The College Magazine - Winter 2001
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Now playing: Lilly features new film archive
by Daniel J. Crowley

      Despite a renowned faculty of film scholars and its pioneering efforts in film studies in the 1960s, IU has always lacked one significant ingredient other schools strong in film education possess — a major film archive.

      All that will change with the David Bradley Collection, a voluminous private film archive that was bequeathed to the Lilly Library and arrived at the campus last spring.

      "With this collection, IU becomes a major player," said Beverly Byl, executive director of development for the university libraries.

      The collection, consisting of about 3,000 16-millimeter films and other cinema-related materials, covers the history of American and international cinema, from the beginnings of film to the 1970s.

      "It's a world-class private collection — with many of the films in beautiful condition," said Barbara Klinger, associate professor of communication and culture and director of that department’s film and media resources.

      The collection includes more than 100 of early U.S. innovator D.W. Griffith's shorts and feature films, and works by other celebrated silent-era directors such as Charlie Chaplin, Buster Keaton, and Cecil B. DeMille. There are also examples of French impressionist cinema from the early 1920s and at least 15 films featuring silent film star Rudolph Valentino.

Der Blaue Engel movie poster
      But silent films are only the tip of the iceberg. The collection contains many sound motion pictures. There are outstanding prints of American film noir, westerns, musicals, documentary films, and important works from a number of national cinemas, including German, Italian, Russian, and Japanese.

      The films were collected by David Shedd Bradley, an archivist and film historian who died in 1997 at the age of 77. Film critic Roger Ebert described him as "one of the legendary eccentrics of the film world, irascible and beloved."

      "Bradley was a man of excellent taste, and somebody who knew what was historically important," said Professor James Naremore, a well-known film scholar who has written a half dozen books on classical Hollywood cinema. "The value of the collection is not only deep but very broad. Every major Hollywood director is represented, every genre."

      Bradley, the son of a wealthy Chicago family that gave the city its Shedd Aquarium, attended Northwestern University in the 1940s. Ebert said he was an aspiring director who knew Orson Welles. As a student, he made two films in which he cast Charlton Heston, his classmate at the time. Some say Bradley helped launch Heston's career.

      He later went to Hollywood and directed a few other films before, as Ebert put it, he "moved on to his real vocation, which was to hold strong opinions and express them at every opportunity." Over his lifetime, Bradley began to acquire excellent prints of films, which he would lend regularly or screen for guests in his home in the Hollywood Hills.

      Bradley's collection took an interesting route to IU. In the years before his death, he planned to leave it with a number of institutions, including UCLA, Santa Monica City College, and Northwestern, but he quarreled with each of them before finally willing it to the Lilly Library. While Bradley's estate was in probate, the films were stored at the Film Archive of the Academy of Motion Picture Arts and Sciences in Los Angeles. William Cagle, the longtime Lilly librarian who retired in 1997, negotiated with Bradley before he died and played a big role in bringing the collection to IU.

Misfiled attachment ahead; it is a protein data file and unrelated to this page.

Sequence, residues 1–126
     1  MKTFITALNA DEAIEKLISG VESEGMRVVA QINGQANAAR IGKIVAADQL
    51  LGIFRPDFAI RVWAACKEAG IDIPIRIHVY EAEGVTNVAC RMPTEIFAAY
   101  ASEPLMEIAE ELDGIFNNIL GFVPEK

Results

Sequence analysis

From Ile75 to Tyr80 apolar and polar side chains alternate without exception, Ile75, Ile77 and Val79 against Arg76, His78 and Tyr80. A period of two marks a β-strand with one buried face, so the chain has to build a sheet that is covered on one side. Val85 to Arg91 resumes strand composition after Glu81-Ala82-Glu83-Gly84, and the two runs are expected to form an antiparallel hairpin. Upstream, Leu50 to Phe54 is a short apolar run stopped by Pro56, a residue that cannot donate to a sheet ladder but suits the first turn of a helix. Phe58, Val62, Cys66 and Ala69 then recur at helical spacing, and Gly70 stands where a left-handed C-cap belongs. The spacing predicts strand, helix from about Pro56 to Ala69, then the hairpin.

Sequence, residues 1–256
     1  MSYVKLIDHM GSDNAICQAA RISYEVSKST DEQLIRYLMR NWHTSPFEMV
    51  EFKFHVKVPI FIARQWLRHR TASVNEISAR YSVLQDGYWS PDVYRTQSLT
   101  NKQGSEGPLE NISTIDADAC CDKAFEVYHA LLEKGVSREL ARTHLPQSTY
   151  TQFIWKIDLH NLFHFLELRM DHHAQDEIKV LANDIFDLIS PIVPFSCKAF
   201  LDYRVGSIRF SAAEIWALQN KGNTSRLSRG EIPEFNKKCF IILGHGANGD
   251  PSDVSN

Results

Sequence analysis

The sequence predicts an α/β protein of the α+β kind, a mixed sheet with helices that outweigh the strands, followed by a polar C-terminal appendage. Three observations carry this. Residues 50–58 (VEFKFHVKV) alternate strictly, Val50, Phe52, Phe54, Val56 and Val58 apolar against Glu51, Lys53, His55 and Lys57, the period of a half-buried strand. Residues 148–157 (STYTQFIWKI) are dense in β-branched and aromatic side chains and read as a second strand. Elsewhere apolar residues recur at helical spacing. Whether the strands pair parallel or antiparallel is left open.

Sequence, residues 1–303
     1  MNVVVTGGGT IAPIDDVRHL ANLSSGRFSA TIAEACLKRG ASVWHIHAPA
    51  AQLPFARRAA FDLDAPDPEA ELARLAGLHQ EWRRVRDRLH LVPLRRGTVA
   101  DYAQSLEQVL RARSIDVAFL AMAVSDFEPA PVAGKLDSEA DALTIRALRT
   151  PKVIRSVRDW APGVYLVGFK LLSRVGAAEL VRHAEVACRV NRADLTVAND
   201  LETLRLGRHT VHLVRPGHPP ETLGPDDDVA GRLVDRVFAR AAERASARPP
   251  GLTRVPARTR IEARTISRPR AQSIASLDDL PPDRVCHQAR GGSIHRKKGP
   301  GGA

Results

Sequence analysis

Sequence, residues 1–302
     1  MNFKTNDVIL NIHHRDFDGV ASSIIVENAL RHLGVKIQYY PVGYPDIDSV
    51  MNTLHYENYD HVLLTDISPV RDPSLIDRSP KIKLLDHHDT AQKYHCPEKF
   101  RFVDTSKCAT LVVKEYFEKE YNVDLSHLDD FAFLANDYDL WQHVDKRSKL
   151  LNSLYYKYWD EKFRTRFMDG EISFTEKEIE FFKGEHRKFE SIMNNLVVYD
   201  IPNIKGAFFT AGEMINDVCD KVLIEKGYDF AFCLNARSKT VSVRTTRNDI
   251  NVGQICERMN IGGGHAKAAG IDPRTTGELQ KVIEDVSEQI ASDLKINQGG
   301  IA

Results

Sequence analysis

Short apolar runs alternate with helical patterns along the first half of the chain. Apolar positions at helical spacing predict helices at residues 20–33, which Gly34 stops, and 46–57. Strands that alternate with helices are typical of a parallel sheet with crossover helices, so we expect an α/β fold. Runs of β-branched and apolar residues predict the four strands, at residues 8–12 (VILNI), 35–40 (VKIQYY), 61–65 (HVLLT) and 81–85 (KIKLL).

Although the films arrived more than a year ago, they are still being cataloged, and issues of preservation, storage, and access policies are being ironed out by the university libraries. Byl said plans have been approved for an auxiliary library facility, scheduled to be ready in 2002. The facility will contain a state-of-the-art, temperature-controlled lab for the conservation and preservation of rare materials belonging to the Lilly, including the Bradley Collection.

      One project being discussed is digitizing some of the films. Kristine Brancolini, director of the Digital Library Program, has worked closely with the collection and is optimistic about making some of the films available over a network in the near future.

      "We would probably focus on some of the more obscure films, films not available, and also because of the limitations of delivering video over a network, we would probably want to focus on shorter films," Brancolini said.

      "Our top priority is going to be working out faculty access and from that experience, we'll develop policies and procedures to provide access to others," Brancolini said. "We're primarily supporting the curriculum, but we do want to make some public showings and showcase the films."

      Although a number of film archives exist at IU, such as the distinguished Black Film Center/Archive and the Film and Media Studies Archive, IU remains without a movie theater of its own. With the arrival of the Bradley Collection, some say a theater is now essential.

      "What we lack is a campus movie theater, which we should have, just as we have a theater for staging plays and operas, an art museum for art," Naremore said. "These films are great treasures of 20th-century art. They're a part of our history and we ought not to be putting them away where only specialists can use them. We ought to preserve them in such a way that we can also show them under good conditions to students and the community."

Excerpted from an article that originally appeared in the Indiana Daily Student and used with permission.

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